Wednesday, January 30, 2013

Social Networking; it’s everything but Social

Example of a scale-free network (courtesy of H.G. Katzgraber)

Because of technology, we’re a highly connected society, yet we’re the most uncommunicative one. When I first started blogging, it was a way for me to get in the habit of writing at least once a week. It was to share whatever’s on mind from life experiences and travels to poetry and book promotions, with people who are interested.  I also wanted to know what other people thought. As of today, I still feel this way. I want to connect with people who want to connect instead of seeing my follower count go up but they’re really not following. In a world saturated with information, news, gossip, YouTube videos, etc. I’d rather communicate more on a personal level than for the sake of popularity. It’s funny because I’ve never gave ‘being popular’ a thought. I guess it’s all about getting your name out there.

And then, as I continued to blog and I published a few books, I decided to join Twitter and Facebook. I have to admit, I don’t ‘get’ Twitter. I’ve never seen much discussion from most of my Twitter followers, even when I ask a question because everyone’s too busy asking their own questions and posting links. When I do venture over to Twitter, which isn’t often, all I see are people posting links with comments such as, “Read my review!” “Check out my blog.” “Huff Post and Amazon!” I’m sure some people think this is a way of communicating, but not me. I'm not saying that I don't retweet and promote mine and my friends stuff, but I don't think that's all Twitter should be about ... or maybe I just don’t get the whole Twitter concept.

But I do get the whole Facebook concept and I refuse to pay for promotion. The one nice thing I have to say about my Facebook page is that people DO talk—they’ll leave comments. I think it’s great to see people giving their input about a particular question or about someone’s success.

What it really comes down to is that for all the different ways we can socialize, we’re not very social. We want our names out there, 15 minutes of fame, but we don’t want to talk to anyone on the way. Don’t get me wrong, I applaud many of you for tackling the social networking sites and really promoting on them. It’s a job all in itself.

Social networking should also be about socializing and discussing our lives along with world events, politics, religion, etc. We should be more apt to discuss than argue because of the many outlets we’re given to express ourselves. Instead, we argue and/or avoid altogether crucial subjects for fear of people not liking us.

What are your thoughts about social networking? What do you like or dislike about it?

Networking and Unsocial,

P.S. One social networking site I love is Pinterest.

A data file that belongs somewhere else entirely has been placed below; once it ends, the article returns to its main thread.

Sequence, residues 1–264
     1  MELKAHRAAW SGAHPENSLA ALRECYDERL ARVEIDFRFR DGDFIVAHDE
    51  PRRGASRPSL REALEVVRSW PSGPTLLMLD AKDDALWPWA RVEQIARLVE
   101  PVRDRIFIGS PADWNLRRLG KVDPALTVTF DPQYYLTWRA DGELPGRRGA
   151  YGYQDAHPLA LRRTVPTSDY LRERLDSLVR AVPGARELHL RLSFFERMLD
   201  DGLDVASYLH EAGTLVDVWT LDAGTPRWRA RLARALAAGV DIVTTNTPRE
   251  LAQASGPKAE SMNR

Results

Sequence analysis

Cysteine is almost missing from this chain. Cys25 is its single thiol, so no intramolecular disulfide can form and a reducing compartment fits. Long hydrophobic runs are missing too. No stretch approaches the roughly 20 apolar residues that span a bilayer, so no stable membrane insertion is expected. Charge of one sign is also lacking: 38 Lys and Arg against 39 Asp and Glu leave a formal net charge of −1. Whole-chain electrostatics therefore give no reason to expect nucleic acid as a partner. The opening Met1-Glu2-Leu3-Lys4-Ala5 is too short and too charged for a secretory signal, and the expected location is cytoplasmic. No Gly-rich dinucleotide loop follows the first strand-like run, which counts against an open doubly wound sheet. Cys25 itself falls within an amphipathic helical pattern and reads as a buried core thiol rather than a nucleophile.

Friday, January 25, 2013

Guest Appearance!

Hello my fellow bloggers, readers, writers and all you fabulous followers. I did a guest appearance on Jeri Walker-Bickett’s blog, JeriWB: What do I know? Come on over and check it out!

Interviews and Freebies,

Monday, January 21, 2013

Book Review – Winter Garden by Kristin Hannah

Lately, I’ve read several historical fiction books about Europe during Nazi and Stalin times. I’m not sure why, but each book has pulled me into the sorrowful past and I’ve thought about the many lives lost under extremist rule.

My recent historical journey was Winter Garden by Kristin Hannah. I never read a book by Kristin before, but she certainly made me a fan with this book.

Book Genre: Historical Fiction
Paperback: 448 Pages

Synopsis from Amazon:

Can a woman ever really know herself if she doesn’t know her mother?

“Meredith and Nina Whitson are as different as sisters can be. One stayed at home to raise her children and manage the family apple orchard; the other followed a dream and traveled the world to become a famous photojournalist. But when their beloved father falls ill, Meredith and Nina find themselves together again, standing alongside their cold, disapproving mother, Anya, who even now, offers no comfort to her daughters. As children, the only connection between them was the Russian fairy tale Anya sometimes told the girls at night. On his deathbed, their father extracts a promise from the women in his life: the fairy tale will be told one last time—and all the way to the end. Thus begins an unexpected journey into the truth of Anya’s life in war-torn Leningrad, more than five decades ago. Alternating between the past and present, Meredith and Nina will finally hear the singular, harrowing story of their mother’s life, and what they learn is a secret so terrible and terrifying that it will shake the very foundation of their family and change who they believe they are.”

What made me want to read this book?

I can’t pinpoint exactly what made me want to read this book. I recently read a few YA historical fiction, Between Shades of Gray by Ruta Sepetys because it was compared to The Book Thief. Here’s the link to my review of that book - I enjoyed both these books, so I figured I would enjoy the Winter Garden, too.